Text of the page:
English Idioms: Quick Summary
An idiom is a phrase or expression that has a figurative meaning which differs from the literal meanings of the individual words. Idioms are challenging for non-native speakers to learn because their meanings are not always obvious. For example, the expression break a leg means good luck.
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What Are Idioms?
Idioms are expressions that have meanings that cannot be deduced solely from the words used to create them. Put differently, idioms have entirely different meanings compared to the individual words used within them.
For example, if you’ve never heard of the idiom kick the bucket, you might think it has something to do with physically striking a bucket with your foot. In fact, this phrase has nothing to do with kicking a bucket. To kick the bucket means “to die.”
Lately, I’ve been thinking about when my time comes to kick the bucket.
There’s no way to know that, except by familiarizing yourself with that phrase and others like it.
Idioms are an essential part of the English language because they make it more vivid and illustrative. We’ll go over eleven common idioms used in everyday English.
Common English Idioms and Their Meanings
1. Bite the bullet
To bite the bullet means to endure a difficult situation with determination, even if it’s unpleasant.
When Jenna got suddenly sick, I had to bite the bullet and present our findings, even though I have an intense fear of public speaking.
2. Cost an arm and a leg
Don’t be frightened if someone tells you something costs an arm and a leg. We promise your limbs are safe. When someone uses this idiom, it means that something is extraordinarily expensive.
It cost an arm and a leg, but I was able to find the rare model train my dad has been looking for.
3. Cry over spilled milk
If you’re crying over spilled milk, that means you’re wasting time and energy worrying about something that already happened and cannot be changed.
We can’t do anything about the implemented changes, so it’s best not to cry over spilled milk.
4. Kill two birds with one stone
No birds were harmed in the making of this idiom. To kill two birds with one stone means to accomplish two tasks with one single action or effort. It’s often used in situations where one can save time and resources through efficiency and productivity.
I’m going to kill two birds with one stone and pass by the post office on the way to the appointment.
5. On thin ice
The idiom on thin ice means to be in a risky or precarious situation where any mistake or misstep could lead to serious consequences. Picture yourself walking on thin ice. You’d have to walk slowly and be careful, if not, you risk falling through.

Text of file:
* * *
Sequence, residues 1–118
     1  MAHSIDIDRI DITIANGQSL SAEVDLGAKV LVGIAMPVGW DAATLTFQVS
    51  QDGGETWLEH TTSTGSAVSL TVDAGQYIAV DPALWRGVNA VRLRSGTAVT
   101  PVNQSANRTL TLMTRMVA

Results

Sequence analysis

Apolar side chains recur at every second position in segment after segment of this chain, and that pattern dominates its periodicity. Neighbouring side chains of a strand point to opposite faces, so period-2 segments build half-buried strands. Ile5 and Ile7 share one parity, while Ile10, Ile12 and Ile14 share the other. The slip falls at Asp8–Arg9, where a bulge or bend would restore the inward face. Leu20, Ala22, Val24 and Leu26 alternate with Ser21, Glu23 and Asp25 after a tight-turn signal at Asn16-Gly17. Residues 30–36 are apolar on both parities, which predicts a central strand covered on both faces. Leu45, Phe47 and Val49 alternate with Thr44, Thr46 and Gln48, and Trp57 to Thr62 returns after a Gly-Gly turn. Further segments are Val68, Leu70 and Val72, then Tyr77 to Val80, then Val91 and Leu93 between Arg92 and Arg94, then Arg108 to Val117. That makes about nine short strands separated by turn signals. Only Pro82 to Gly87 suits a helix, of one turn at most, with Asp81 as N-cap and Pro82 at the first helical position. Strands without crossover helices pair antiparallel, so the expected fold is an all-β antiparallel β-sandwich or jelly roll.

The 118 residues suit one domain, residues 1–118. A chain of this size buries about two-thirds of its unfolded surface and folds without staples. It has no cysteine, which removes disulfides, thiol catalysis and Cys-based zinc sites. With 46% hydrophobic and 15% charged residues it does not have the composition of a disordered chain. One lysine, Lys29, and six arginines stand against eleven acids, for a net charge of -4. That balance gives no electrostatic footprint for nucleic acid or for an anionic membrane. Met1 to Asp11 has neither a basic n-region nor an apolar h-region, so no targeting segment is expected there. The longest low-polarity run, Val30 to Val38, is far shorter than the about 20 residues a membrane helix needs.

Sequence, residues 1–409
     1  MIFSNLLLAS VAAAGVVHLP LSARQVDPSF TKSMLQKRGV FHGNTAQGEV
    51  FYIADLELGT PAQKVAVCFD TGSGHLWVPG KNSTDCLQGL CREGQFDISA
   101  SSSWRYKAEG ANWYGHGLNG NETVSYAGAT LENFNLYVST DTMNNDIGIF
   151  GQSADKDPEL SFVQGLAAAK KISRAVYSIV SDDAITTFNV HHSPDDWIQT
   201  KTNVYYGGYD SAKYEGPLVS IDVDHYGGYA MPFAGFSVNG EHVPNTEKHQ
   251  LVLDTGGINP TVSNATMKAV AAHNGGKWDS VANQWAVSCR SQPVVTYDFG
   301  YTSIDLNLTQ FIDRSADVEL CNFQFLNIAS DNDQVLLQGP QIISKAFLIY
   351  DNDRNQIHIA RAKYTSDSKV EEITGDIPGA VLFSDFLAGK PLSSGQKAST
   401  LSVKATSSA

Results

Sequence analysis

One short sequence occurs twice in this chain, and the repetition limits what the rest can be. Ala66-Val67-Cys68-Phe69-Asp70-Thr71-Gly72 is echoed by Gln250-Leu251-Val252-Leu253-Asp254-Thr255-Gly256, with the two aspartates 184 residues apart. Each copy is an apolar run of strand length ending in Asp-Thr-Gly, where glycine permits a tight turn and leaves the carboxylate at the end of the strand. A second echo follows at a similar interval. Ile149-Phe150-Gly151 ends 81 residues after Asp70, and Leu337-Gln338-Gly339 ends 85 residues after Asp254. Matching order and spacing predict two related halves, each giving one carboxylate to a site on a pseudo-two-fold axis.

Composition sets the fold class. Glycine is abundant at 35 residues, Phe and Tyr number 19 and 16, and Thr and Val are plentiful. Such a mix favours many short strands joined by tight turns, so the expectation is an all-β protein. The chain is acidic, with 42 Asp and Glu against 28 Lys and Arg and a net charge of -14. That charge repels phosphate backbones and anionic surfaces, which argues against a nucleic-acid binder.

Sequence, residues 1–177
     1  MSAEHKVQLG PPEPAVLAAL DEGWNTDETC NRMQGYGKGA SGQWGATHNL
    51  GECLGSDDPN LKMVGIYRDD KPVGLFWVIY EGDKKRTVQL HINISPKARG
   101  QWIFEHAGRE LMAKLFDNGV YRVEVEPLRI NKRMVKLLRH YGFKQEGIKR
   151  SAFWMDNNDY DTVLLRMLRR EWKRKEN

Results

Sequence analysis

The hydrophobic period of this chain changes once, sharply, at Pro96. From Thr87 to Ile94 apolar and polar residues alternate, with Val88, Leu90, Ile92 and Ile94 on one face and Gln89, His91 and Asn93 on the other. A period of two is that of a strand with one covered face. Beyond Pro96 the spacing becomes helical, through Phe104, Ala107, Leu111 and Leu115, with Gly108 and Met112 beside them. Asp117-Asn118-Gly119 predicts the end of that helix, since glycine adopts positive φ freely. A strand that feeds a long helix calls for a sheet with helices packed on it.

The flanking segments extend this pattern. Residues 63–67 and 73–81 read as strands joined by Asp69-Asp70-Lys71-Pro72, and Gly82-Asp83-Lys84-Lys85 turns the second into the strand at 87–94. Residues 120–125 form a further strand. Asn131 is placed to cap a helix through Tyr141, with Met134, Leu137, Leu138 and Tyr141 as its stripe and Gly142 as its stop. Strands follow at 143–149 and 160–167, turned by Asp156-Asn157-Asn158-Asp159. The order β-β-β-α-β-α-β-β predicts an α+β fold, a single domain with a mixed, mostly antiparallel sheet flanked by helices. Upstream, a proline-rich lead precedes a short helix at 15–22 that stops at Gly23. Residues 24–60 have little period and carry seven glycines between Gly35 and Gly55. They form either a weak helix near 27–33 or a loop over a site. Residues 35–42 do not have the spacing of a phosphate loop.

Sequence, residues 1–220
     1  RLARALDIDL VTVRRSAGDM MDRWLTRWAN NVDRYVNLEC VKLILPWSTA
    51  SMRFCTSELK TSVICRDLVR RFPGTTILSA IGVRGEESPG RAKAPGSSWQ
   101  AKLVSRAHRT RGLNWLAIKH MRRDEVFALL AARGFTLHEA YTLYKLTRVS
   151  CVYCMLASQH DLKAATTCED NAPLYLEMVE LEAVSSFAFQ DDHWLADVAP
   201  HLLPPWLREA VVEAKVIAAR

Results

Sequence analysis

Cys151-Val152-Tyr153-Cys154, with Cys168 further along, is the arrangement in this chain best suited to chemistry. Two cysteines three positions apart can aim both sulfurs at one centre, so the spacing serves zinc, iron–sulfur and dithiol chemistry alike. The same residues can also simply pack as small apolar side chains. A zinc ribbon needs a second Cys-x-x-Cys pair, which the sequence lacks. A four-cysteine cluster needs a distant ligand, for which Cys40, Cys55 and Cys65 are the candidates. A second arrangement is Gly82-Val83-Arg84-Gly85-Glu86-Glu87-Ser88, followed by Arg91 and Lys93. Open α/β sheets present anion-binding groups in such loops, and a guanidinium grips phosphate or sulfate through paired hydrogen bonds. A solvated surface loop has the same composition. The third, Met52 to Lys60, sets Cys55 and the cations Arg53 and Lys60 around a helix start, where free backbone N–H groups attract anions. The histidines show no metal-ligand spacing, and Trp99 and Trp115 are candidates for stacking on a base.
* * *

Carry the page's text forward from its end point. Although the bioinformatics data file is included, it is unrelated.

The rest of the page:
I was late to work three times this week, so I’m on thin ice with my boss and need to improve my punctuality.
6. See eye to eye
If you and your best friend see eye to eye on something, that means you mutually agree or share similar opinions on a certain subject. It’s often used in situations that involve a resolved disagreement or misunderstanding.
After hours of discussion, my partner and I finally see eye to eye on what our next business venture will be.
7. Speak of the devil
Speak of the devil is an idiom that people use when a person who was just mentioned suddenly appears. Don’t be taken aback by the use of the word devil. This idiom is frequently used playfully to acknowledge a coincidence.
Speak of the devil! We were just talking about you, Maria!
8. Take a rain check
If you invite a friend out, and they ask to take a rain check, that means they’re politely declining the invitation and intending to accept it at a later date. This idiom expresses the desire to maintain the relationship, even though one cannot actively participate at the moment.
Thanks for the dinner invitation, but I’m going to have to take a rain check because I have to babysit my little sister.
9. Take it with a grain of salt
To take something with a grain of salt means not fully believing or trusting something that someone says. This idiom is used to encourage others to listen to a statement and apply critical thinking, as there may be some facts or information missing.
He has a lot of advice to offer, but you should take it with a grain of salt because this is his first time working on a project like this.
10. Time is money
Time is money means time is valuable and therefore shouldn’t be wasted. This idiom implies that wasting time is equivalent to wasting money. It’s often used to encourage productivity and efficiency.
We need to come up with a way to gain more clients because time is money, and the business is in a risky position right now.
11. Under the weather
If someone tells you they’re feeling under the weather, that means they’re feeling sick or are in low spirits. This idiom is often used as a way to explain that someone is sick, without getting into the details.
Unfortunately, I won’t be able to go to work today because I’m feeling a bit under the weather.
Why Learn English Idioms?
As we already mentioned, the English language has a seemingly endless number of ever-evolving idioms, with new ones emerging regularly. Learning and memorizing each one is impossible, but it’s still a good idea to familiarize yourself with common English idioms to improve your fluency.
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